“You should come with me to track sometime”.  Runner Mum has been saying this to me for the last year and I have deferred time and time again.  I know that I don’t stack up next to a track full of real runners.  But Runner Mum is persistent (VERY persistent) and I finally agreed to accompany her to track, meet her coach and basically check out the scene.  My first visit was scheduled for last Tuesday, but we were rained out.  A rain delay, you could call it, because she wasn’t letting me off the hook.  It was also raining this Tuesday, but this time the indoor track was available so there was no more room for procrastination.

So, there I was last night, driving through the gates of Harvard (yes, they practice at Harvard, the closest I am going to get to that school!), my stomach in knots, just worrying and worrying about this thing called Track.  When I first started running, I ran on the local high school track until I could run more than a mile – it was a good way to keep track of distance and, yay, it was flat!  But that is pretty much the sum total of my acquaintance with any kind of track.

This was an actual indoor track, with banked corners and real athletes running in circles around it.  To say I felt out of place would be a vast and bottomless understatement.  But here is the thing, the group of women who belong to Liberty Athletic Club were nothing but friendly and supportive.  I didn’t really expect anything different, Runner Mum after all would never be part of a group that wasn’t, but it was a relief all the same.  As I made my slow way around the track for warm-ups, I thought that somehow I would feel SLOW RUNNER emblazoned on my forehead, a neon sign that could be seen for miles away, like the Las Vegas skyline. But I felt pretty normal, just, you know, slow.

I did drills and speed work at track.  How is that for sounding like a real runner?  The coach did not have me doing the same drills as the others, which was just fine with me.  I did easy one-time-around-the-track runs, each time trying to go a bit faster.  And I did!!  The first time around was 1.33 minutes. The second was 1.31 minutes.  Hmm, it felt kind of good to beat my time.  The next was 1.25 minutes – even better!  Now, that feeling can get a little addicting, because each time around I went just a little faster until my last lap was 1.15 minutes and everyone was cheering like I was crossing the line at a marathon.  I am pretty sure that not every time at track will be quite so fun, but for a first time, well, it is something to remember.

I will admit to you, Reader, that today I am a bit sore, my poor legs not really used to being asked to move faster.  But I also feel different too.  Like I have turned a corner, crossed some kind of line, made the first move to becoming a Real Runner.  I may have lost my mind, but I think I will be glad that I did.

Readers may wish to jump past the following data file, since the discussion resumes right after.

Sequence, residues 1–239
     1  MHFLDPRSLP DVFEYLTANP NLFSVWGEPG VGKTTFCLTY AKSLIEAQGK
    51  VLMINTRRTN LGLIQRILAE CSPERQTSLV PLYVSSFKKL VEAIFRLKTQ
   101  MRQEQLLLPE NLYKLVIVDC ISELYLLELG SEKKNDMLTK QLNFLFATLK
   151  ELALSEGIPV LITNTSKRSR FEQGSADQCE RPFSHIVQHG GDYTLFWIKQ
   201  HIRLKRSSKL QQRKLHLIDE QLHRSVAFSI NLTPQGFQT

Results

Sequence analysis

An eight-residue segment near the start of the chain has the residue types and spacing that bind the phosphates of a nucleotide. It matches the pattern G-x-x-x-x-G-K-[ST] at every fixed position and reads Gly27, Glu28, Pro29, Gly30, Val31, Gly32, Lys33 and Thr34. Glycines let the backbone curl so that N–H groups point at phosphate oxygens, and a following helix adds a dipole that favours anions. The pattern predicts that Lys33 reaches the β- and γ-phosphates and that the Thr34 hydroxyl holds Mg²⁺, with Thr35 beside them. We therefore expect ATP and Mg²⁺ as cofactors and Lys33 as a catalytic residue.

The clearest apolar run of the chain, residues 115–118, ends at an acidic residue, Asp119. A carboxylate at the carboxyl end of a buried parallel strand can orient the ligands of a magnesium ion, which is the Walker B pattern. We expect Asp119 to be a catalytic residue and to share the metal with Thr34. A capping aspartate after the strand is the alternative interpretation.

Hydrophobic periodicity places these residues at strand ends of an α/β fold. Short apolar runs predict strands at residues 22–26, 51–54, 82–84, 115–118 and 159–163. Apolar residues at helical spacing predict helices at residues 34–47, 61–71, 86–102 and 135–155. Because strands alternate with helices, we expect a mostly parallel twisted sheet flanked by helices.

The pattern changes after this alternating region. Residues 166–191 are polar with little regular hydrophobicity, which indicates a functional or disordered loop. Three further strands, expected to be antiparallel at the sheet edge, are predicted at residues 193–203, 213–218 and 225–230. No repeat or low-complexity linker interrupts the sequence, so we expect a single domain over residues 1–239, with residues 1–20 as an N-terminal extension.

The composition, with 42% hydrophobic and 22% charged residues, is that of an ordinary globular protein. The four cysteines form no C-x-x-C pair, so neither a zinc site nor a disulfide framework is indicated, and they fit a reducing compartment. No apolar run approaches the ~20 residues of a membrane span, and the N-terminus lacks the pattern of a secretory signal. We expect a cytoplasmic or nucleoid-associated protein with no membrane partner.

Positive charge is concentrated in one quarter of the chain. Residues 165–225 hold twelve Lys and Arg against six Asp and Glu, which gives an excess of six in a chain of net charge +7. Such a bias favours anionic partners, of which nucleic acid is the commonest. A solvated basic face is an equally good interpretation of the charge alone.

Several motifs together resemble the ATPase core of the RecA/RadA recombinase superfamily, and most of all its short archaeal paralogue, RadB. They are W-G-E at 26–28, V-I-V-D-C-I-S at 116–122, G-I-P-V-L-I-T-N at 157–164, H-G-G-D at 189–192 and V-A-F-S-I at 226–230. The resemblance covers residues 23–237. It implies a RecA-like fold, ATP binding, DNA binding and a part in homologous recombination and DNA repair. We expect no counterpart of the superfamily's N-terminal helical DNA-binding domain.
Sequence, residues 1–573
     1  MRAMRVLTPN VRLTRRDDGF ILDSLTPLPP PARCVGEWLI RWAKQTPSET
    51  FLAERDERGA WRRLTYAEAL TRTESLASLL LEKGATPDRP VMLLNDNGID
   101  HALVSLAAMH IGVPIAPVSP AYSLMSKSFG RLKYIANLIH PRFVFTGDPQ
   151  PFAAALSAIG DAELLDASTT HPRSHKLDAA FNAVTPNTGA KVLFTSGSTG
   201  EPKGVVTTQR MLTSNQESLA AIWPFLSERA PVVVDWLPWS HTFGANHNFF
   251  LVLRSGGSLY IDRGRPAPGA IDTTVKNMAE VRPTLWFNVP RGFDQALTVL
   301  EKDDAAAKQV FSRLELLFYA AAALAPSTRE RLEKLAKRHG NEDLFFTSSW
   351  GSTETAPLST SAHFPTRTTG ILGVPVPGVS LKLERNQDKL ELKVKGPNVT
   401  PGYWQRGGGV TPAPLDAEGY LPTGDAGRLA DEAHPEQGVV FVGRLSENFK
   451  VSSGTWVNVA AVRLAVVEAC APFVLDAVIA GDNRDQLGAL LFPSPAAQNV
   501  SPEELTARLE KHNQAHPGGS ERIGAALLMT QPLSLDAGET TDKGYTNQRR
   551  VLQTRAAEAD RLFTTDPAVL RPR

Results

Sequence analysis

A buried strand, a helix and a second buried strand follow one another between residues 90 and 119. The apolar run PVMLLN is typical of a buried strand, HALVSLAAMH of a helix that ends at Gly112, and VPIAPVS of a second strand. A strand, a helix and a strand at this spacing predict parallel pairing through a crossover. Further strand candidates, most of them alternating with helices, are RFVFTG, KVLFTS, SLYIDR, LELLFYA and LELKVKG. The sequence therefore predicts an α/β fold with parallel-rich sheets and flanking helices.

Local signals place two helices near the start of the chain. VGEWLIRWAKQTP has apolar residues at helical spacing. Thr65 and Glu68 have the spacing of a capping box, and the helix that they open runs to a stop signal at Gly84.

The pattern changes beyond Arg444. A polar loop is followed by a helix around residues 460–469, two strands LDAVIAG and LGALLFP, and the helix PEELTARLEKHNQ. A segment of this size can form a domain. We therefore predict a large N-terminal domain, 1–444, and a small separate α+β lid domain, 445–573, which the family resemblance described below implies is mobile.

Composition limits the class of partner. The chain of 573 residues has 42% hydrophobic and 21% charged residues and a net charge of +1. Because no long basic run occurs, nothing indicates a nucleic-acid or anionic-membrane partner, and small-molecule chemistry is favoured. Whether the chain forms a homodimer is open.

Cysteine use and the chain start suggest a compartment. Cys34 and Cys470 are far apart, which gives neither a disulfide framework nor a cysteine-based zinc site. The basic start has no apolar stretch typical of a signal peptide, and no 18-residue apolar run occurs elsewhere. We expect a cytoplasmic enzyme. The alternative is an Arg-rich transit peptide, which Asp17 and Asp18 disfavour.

Sidelined…

Well, Reader, I guess I am a runner.  At least, I have the running injury to prove it.  And it’s not something athletically glamorous like a hamstring pull, or even something embarrassingly explainable like a sprained ankle from a rogue pot hole.  No, I have shin splits, perhaps the most mundane and annoying ailment that ever plagued a slow runner.

Now, up until now, I have been running injury-free.  Hubby has had some issues with a pulled Achilles and with tight calf muscles, but I have been pretty lucky.  Hubby couldn’t understand it, as he has been active his whole life (unlike me!) so he would have thought it would be reversed.  My sister-in-law said it was because I have been “resting” myself for the last 40 years, so I am just fresher.  Either way, it has been bizarro running in our house.

Now, I should be clear that I think I have shin splints.  Like most people with access to the all-knowing Google in the sky, I am self-diagnosing.  According to sportsinjuryclinic.net, shin splints “is a common name often given to any shin pain at the front of the lower leg. However, true shin splints symptoms occur at the front inside of the shin bone and can arise from a number of causes. The most common cause of shin pain is inflammation of the periosteum of the tibia (sheath surrounding the bone). Traction forces on the periosteum from the muscles of the lower leg cause shin pain and inflammation.”

I was an English major, so I only understand the first sentence there, but more or less it fits what I have been experiencing since Minneapolis – a slow burn pain from the top of my ankles that spreads up my shins as I make my slow way down the street.  But here is the one sentence that really convinced me – “Shin splints can be caused by a number of factors (such as) abnormal movement patterns and errors in training.”  Errors in training?  How about no official training?  Who knows all of the things I am doing wrong?  Certainly, I watch other runners at races and I can point to those with good form and those where you just have to wonder how they are propelling themselves forward at all.  I imagine that I fall somewhere in between.

So along with self-diagnosing, I also self-prescribed a solution.  Which was that I didn’t run for almost two weeks.  Which was a lot harder than I thought it would be.  I thought I would relish a few days off, sitting on the couch reading a book instead of heading out for a run.  But no, I was really frustrated by not being able to stick to my running schedule.  Whether I am good at it or not, it is something that I do for myself and I really missed it.